This initiated the establishment of the Russian Soviet Republic. On 17 July 1918, his family were executed; the revolution was led by the Bolsheviks, who used their influence in the Petrograd Soviet to organize the armed forces. Bolshevik Red Guards forces under the Military Revolutionary Committee began the occupation of government buildings on 7 November 1917; the following day, the Winter Palace was captured. The long-awaited Constituent Assembly elections were held on 12 November 1917. In contrast to their majority in the Soviets, the Bolsheviks only won 175 seats in the 715-seat legislative body, coming in second behind the Socialist Revolutionary Party, which won 370 seats, although the SR Party no longer existed as a whole party by that time, as the Left SRs had gone into coalition with the Bolsheviks from October 1917 to March 1918; the Constituent Assembly was to first meet on 28 November 1917, but its convocation was delayed until 5 January 1918 by the Bolsheviks. On its first and only day in session, the Constituent Assembly came into conflict with the Soviets, it rejected Soviet decrees on peace and land, resulting in the Constituent Assembly being dissolved the next day by order of the Congress of Soviets.
As the revolution was not universally recognized, there followed the struggles of the Russian Civil War and the creation of the Soviet Union in 1922. At first, the event was referred to as the October coup or the Uprising of 3rd, as seen in contemporary documents. In Russian, however, "переворот" has a similar meaning to "revolution" and means "upheaval" or "overturn", so "coup" is not the correct translation. With time, the term October Revolution came into use, it is known as the "November Revolution" having occurred in November according to the Gregorian Calendar. The February Revolution had toppled Tsar Nicholas II of Russia, replaced his government with the Russian Provisional Government. However, the provisional government was riven by internal dissension, it continued to wage World War I, which became unpopular. A nationwide crisis developed in Russia, affecting social and political relations. Disorder in industry and transport had intensified, difficulties in obtaining provisions had increased.
Gross industrial production in 1917 had decreased by over 36% from what it had been in 1914. In the autumn, as much as 50% of all enterprises were closed down in the Urals, the Donbas, other industrial centers, leading to mass unemployment. At the same time, the cost of living increased sharply. Real wages fell about 50% from what they had been in 1913. Russia's national debt in October 1917 had risen to 50 billion rubles. Of this, debts to foreign governments constituted more than 11 billion rubles; the country faced the threat of financial bankruptcy. Throughout June and August 1917, it was common to hear working-class Russians speak about their lack of confidence and misgivings with those in power in the Provisional Government. Factory workers around Russia felt unhappy with the growing shortages of food and other materials, they blamed their own managers or foremen and would attack them in the factories. The workers blamed many rich and influential individuals, such as elites in positions of power, for the overall shortage of food and poor living conditions.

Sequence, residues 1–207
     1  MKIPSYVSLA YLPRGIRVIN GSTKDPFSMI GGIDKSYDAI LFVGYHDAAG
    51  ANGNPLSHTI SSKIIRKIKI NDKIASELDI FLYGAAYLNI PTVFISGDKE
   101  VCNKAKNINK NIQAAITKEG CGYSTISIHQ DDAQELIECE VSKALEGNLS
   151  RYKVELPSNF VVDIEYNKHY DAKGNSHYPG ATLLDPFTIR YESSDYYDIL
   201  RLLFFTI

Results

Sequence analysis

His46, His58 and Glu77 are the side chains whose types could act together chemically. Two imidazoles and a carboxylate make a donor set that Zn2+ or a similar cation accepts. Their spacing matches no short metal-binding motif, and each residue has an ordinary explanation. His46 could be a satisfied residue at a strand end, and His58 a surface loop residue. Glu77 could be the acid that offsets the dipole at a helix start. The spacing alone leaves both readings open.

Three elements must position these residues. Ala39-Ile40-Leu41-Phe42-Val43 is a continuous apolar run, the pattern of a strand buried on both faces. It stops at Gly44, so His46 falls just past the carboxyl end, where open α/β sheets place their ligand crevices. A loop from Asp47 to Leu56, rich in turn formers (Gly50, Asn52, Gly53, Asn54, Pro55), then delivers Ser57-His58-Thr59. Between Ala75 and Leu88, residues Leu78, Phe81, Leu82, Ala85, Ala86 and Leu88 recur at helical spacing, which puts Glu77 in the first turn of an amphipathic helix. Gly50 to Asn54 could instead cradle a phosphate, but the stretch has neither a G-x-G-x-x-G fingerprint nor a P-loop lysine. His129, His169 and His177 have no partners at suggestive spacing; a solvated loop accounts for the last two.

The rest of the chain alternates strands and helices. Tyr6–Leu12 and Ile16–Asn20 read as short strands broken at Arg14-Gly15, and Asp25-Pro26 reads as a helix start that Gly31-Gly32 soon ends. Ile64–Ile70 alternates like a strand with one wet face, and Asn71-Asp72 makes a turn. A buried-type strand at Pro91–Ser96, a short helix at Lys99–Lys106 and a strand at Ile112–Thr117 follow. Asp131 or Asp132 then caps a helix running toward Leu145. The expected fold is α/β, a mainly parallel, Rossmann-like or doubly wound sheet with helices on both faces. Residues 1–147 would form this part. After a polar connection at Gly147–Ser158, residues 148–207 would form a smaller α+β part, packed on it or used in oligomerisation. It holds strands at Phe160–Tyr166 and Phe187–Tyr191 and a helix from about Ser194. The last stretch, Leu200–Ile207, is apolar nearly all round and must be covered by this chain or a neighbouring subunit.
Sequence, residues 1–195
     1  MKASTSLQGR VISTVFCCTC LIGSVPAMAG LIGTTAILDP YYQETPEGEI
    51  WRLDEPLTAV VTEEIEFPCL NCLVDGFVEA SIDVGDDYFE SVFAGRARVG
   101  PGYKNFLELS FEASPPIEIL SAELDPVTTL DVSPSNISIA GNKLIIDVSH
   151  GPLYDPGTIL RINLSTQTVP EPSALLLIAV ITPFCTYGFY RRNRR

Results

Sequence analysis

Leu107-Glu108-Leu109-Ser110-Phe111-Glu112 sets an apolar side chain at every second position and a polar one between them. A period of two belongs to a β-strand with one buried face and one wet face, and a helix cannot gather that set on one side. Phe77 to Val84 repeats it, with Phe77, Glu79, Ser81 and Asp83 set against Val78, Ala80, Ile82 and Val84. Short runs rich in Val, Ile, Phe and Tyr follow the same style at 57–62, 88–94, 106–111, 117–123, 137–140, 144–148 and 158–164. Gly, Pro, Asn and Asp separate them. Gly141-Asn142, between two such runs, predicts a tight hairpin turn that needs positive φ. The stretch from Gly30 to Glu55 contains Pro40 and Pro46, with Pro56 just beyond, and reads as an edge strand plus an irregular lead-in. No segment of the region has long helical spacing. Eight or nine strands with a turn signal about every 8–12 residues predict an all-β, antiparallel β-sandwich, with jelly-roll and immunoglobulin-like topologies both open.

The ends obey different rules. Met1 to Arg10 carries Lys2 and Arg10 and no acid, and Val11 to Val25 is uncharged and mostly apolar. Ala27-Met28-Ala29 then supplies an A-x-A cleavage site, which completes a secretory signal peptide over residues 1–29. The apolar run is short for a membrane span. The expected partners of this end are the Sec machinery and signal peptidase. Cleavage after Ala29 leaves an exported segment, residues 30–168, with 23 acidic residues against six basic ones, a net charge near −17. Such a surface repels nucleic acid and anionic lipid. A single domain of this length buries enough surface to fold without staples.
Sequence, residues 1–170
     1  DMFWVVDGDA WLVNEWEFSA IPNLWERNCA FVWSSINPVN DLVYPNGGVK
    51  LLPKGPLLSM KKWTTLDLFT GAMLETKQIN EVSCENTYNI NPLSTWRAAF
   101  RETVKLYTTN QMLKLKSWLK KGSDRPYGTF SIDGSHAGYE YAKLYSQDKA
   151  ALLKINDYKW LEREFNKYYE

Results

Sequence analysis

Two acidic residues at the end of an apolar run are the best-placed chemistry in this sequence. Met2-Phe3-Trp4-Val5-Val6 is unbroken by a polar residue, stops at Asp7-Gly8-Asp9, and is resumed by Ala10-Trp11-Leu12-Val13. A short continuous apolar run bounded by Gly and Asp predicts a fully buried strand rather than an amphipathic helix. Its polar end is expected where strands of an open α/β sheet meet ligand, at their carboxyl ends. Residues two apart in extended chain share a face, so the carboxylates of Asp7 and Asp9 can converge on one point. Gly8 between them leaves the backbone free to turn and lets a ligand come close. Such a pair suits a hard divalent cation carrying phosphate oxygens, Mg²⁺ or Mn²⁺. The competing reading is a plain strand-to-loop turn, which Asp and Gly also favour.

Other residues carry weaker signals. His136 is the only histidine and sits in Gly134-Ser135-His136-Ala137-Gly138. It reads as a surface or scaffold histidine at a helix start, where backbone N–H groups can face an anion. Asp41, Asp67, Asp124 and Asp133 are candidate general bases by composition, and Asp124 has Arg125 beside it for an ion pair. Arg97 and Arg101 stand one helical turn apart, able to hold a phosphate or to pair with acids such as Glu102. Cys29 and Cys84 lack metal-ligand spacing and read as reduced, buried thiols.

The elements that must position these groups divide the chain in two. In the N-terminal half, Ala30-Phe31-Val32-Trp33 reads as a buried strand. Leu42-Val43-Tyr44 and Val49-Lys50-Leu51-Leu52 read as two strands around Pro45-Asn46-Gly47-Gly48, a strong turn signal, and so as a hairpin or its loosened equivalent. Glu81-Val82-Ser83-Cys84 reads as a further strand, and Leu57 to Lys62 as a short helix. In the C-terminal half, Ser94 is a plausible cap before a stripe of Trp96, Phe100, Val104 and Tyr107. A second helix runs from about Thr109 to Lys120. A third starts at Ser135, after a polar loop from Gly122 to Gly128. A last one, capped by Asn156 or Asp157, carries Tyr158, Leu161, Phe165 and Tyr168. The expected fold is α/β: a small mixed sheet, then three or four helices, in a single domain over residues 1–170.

Workers labelled these rich and powerful individuals as opponents of the Revolution, called them words such as "bourgeois and imperialist."In September and October 1917, there were mass strike actions by the Moscow and Petrograd workers, miners in Donbas, metalworkers in the Urals, oil workers in Baku, textile workers in the Central Industrial Region, railroad workers on 44 railway lines. In these months alone, more than a million workers took part in strikes. Workers established control over production and distribution in many factories and plants in a social revolution. Workers were able to organize these strikes through factory committees; the factory committees represented the workers and were able to negotiate better working conditions and hours. Though workplace conditions may have been increasing in quality, the overall quality of life for workers was not improving. There were still shortages of food and the increased wages workers had obtained did little to provide for their families.